iHRIS Foundation: Core Development and Community Support

The iHRIS Foundation , with IntraHealth as secretariat, will focus the development of features and functions to respond to requests from the iHRIS community, including ministries of health and health professional associations; as well as prepare the platform for broader use in new domains. Freed from the strict structure of projects and dependency on piecemeal funding, the iHRIS community, led by the Foundation, will be able to address longstanding issues that affect all users and offer support for new architectures to optimize the functionality and power of iHRIS. New tools, documentation, and capabilities for iHRIS will make it easier to use, more powerful, and more interoperable with the various health information ecosystems utilized by the global community. Improved and more readily available training and learning materials will increase the number of users and their capacity for making full use of the software. These improvements to iHRIS will provide the men and women who make decisions regarding human resources in the health sector with the data they need to better understand how their health systems are working, where their needs are greatest, and how to best meet those needs.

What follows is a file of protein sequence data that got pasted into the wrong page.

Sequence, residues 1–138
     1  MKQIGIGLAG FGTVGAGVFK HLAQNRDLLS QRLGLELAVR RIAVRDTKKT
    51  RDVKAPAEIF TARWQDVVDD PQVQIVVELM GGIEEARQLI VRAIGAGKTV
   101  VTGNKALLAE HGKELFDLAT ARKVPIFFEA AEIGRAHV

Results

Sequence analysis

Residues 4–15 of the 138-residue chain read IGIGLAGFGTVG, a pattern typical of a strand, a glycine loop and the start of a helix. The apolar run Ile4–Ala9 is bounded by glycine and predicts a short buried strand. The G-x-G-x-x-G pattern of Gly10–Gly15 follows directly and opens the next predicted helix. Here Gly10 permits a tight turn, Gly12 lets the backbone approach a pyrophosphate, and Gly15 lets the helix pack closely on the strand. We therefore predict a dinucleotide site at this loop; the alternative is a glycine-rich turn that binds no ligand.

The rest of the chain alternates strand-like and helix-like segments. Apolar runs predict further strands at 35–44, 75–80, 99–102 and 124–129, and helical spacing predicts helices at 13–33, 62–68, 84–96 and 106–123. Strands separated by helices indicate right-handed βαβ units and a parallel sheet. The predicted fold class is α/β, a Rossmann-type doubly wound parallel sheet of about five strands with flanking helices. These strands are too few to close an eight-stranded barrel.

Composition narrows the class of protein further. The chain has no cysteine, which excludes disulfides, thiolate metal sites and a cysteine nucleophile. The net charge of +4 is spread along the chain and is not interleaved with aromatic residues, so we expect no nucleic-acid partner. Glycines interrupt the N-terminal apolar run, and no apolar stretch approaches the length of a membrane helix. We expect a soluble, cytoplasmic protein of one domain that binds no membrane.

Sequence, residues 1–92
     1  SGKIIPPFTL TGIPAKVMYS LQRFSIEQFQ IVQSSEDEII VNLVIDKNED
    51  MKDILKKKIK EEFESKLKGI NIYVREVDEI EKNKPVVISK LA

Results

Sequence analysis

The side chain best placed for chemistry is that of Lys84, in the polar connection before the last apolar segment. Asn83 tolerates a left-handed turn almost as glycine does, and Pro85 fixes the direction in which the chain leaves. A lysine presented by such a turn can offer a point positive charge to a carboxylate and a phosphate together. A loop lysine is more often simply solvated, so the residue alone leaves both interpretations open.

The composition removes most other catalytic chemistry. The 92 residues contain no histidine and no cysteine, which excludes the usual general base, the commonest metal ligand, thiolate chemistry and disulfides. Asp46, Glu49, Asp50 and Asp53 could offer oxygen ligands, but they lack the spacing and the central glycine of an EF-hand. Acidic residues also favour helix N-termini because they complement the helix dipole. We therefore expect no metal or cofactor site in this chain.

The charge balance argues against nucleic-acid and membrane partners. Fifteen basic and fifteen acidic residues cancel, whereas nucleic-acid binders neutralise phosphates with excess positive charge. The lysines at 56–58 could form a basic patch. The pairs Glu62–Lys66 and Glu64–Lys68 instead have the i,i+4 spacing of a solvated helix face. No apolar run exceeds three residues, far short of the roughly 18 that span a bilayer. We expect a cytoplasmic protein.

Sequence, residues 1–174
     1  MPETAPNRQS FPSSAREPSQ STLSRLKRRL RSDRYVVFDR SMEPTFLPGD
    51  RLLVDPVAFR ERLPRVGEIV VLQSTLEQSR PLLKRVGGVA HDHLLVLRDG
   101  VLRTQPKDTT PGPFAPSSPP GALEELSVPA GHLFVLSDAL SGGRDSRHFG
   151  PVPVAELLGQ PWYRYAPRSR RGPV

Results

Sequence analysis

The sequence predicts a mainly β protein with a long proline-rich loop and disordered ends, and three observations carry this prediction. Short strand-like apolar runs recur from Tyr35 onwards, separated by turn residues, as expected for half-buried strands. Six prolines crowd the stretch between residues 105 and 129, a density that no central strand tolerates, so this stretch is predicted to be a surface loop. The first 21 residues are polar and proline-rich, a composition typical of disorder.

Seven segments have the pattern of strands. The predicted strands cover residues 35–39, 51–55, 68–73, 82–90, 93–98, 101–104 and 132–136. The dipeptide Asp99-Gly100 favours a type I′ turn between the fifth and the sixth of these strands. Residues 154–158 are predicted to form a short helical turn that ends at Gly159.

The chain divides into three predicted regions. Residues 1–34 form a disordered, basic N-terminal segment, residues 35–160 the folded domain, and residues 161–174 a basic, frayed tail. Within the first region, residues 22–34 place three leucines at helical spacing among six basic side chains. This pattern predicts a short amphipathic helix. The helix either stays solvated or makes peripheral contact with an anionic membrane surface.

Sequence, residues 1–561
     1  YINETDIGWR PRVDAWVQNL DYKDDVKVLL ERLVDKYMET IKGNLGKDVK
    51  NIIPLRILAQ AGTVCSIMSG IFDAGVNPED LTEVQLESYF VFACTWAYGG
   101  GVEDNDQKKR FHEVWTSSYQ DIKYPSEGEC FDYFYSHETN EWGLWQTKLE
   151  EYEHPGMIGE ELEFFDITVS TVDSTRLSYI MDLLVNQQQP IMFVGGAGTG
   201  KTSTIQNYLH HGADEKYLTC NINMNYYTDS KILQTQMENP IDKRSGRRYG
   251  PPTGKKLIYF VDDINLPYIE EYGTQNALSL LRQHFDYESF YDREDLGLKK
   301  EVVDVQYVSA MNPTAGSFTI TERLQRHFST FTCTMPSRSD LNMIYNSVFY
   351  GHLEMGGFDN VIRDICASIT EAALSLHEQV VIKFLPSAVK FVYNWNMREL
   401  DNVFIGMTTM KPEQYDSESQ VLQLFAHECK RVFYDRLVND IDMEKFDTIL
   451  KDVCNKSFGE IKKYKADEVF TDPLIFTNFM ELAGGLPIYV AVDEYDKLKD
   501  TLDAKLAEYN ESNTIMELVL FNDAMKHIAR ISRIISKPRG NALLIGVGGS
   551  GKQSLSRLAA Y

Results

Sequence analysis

Open Data Kit 2 (ODK2): Core Development and Transition

Global development organizations, and country-based programs increasingly rely on mobile data collection and management tools for a wide range of activities relating to the measurement, evaluation, and delivery of health programs. The collection and use of accurate and timely data is essential to organizations, their intended beneficiaries, and donors. ODK 2.0, from University of Washington, builds on the experience of ODK 1.0. ODK 2.0 has been under development for a number of years and needs to be transitioned to a multi-stakeholder open source community as part of support for more complex mobile data collection scenarios: